High-profile prisoners held by both Russia and Ukraine, including two British fighters believed captured in Mariupol, appealed on Monday to be exchanged.
Viktor Medvedchuk, one of the richest tycoons in Ukraine and close ally of President Vladimir V. Putin of Russia, appeared in a 34-second video posted on Twitter by the Security Service of Ukraine. Mr. Medvedchuk, 67, the leader of a Ukrainian political party, asked both Mr. Putin and the Ukrainian president, Volodymyr Zelensky, to exchange him for the people defending Mariupol as well as any civilians trapped in the besieged, shattered southern port city.
Mr. Medvedchuk, who had been under house arrest on treason charges when the war started but escaped, had been shown after he was captured on April 12, handcuffed, in military fatigues, and looking disheveled and dazed. In his appeal on Monday, his hair was combed, and he was wearing a zippered sweater.
Mr. Medvedchuk was considered particularly close to Mr. Putin, who was godfather to his youngest daughter.
Two British fighters for Ukraine apparently captured in Mariupol appeared on Russian state television, asking to be released in exchange for Mr. Medvedchuk. All three men seemed to be speaking while in detention. The two Britons made the suggestion at the prompting of a man not identified on camera, who showed them a clip from a news conference that Mr. Medvedchuk’s wife, Oksana, gave over the weekend asking that he be freed. That prompted speculation that the Russians, who controlled the interview process, had come up with the exchange idea.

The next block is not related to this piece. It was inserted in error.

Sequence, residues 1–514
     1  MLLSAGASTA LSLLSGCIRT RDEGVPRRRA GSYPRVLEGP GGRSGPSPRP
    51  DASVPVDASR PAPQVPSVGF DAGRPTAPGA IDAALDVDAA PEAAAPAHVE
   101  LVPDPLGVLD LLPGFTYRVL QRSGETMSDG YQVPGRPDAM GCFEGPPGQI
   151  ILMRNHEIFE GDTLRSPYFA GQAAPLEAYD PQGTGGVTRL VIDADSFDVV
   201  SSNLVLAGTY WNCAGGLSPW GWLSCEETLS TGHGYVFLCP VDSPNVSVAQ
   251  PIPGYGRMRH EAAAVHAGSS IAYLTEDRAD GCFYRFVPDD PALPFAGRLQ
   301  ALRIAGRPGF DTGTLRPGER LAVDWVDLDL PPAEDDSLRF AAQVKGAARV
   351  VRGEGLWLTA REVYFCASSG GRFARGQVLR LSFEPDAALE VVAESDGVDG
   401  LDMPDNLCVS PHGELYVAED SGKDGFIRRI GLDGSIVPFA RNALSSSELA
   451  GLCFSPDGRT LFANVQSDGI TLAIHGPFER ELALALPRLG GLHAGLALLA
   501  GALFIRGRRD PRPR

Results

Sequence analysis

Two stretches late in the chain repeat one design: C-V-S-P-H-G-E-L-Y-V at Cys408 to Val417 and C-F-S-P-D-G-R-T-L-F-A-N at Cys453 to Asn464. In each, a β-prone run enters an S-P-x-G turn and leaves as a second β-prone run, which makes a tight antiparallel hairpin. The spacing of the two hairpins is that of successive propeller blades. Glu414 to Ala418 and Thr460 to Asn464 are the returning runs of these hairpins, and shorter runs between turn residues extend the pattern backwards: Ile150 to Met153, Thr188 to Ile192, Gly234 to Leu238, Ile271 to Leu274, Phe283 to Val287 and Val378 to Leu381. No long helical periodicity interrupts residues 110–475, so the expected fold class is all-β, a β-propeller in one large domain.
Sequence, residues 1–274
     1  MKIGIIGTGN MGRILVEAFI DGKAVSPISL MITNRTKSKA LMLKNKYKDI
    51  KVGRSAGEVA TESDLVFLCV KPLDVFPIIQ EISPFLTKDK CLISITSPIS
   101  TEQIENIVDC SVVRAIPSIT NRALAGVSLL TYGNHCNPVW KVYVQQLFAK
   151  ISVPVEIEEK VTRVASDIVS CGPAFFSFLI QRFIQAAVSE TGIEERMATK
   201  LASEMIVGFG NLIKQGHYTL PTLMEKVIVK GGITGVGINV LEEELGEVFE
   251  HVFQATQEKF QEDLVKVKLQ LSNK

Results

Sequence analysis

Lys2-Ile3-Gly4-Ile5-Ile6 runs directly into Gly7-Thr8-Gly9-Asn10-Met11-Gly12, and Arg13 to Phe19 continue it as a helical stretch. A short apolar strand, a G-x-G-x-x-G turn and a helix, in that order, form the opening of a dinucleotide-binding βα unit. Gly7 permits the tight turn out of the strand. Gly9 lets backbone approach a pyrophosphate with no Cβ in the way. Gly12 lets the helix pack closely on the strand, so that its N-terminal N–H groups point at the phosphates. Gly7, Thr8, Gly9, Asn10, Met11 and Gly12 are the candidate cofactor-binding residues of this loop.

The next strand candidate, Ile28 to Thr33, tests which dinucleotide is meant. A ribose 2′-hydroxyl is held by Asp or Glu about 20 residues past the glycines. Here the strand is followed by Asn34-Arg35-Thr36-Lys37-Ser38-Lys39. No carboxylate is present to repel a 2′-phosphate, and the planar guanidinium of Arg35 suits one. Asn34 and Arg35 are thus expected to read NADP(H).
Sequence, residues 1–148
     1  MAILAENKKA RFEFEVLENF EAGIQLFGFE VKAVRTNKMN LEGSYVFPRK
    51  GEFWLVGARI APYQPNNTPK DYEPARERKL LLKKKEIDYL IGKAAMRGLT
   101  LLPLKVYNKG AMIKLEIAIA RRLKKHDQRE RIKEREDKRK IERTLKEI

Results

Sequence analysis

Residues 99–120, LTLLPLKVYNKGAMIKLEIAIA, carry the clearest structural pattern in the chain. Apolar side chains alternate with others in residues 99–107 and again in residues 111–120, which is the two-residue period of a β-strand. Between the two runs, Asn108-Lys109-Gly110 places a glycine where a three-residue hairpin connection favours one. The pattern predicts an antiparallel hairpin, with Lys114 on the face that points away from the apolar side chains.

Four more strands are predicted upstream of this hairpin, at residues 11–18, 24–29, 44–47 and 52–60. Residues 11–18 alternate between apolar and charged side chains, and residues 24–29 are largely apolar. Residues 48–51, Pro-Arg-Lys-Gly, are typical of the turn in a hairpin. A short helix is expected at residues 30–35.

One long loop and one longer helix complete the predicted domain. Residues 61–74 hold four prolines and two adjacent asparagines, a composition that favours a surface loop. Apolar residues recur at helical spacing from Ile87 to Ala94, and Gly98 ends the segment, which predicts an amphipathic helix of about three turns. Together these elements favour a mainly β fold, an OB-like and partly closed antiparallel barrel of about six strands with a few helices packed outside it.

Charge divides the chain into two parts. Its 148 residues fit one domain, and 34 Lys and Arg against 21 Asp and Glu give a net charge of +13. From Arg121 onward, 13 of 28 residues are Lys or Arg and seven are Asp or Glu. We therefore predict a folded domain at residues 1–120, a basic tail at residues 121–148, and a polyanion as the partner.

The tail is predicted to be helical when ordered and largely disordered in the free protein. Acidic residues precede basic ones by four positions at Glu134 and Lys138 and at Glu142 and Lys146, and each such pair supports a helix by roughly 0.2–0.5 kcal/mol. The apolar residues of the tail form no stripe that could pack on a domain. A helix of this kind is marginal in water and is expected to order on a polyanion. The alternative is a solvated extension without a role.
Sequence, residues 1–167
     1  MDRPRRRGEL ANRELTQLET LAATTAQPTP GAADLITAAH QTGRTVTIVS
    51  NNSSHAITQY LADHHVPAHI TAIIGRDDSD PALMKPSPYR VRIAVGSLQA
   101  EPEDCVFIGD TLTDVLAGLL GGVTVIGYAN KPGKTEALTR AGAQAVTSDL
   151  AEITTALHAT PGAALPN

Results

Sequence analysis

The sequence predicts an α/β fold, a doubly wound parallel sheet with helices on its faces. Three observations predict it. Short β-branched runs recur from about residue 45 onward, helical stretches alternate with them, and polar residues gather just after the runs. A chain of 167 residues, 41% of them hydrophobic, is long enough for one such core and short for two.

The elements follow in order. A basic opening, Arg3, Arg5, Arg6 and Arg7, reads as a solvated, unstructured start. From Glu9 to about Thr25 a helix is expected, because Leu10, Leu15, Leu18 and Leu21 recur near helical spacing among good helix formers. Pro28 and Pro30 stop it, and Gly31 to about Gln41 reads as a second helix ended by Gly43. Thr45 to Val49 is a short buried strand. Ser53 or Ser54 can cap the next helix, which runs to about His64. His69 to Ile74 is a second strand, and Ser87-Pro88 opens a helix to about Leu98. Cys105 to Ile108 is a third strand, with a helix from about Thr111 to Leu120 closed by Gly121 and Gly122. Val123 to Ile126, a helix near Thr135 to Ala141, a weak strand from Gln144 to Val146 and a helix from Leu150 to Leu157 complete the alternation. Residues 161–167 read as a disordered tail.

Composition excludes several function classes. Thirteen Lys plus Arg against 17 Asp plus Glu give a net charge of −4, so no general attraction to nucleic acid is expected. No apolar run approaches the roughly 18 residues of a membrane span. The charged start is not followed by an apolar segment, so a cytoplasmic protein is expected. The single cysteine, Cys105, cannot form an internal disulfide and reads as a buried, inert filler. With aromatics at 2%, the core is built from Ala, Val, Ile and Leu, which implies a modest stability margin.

It was unclear how free the Britons were to say what they wanted. The two — Shaun Pinner, 48, and Aiden Aslin, 28 — spoke separately in interviews broadcast Monday on Rossiya 24, a state channel. Both men requested that the British government offer assistance toward an exchange for Mr. Medvedchuk. “I’d like to appeal to the government to send me back home; I’d like to see my wife again,” Mr. Pinner said, addressing Prime Minister Boris Johnson directly in saying that both men needed help.
The two fought on the Ukrainian side in Mariupol, which Russian forces have almost captured entirely, other than the vast Azovstal steelworks complex. Both seemed in good health, if a bit battered and dirty, and Mr. Aslin had a gash in his forehead. The Geneva Conventions bar coerced interviews with prisoners of war.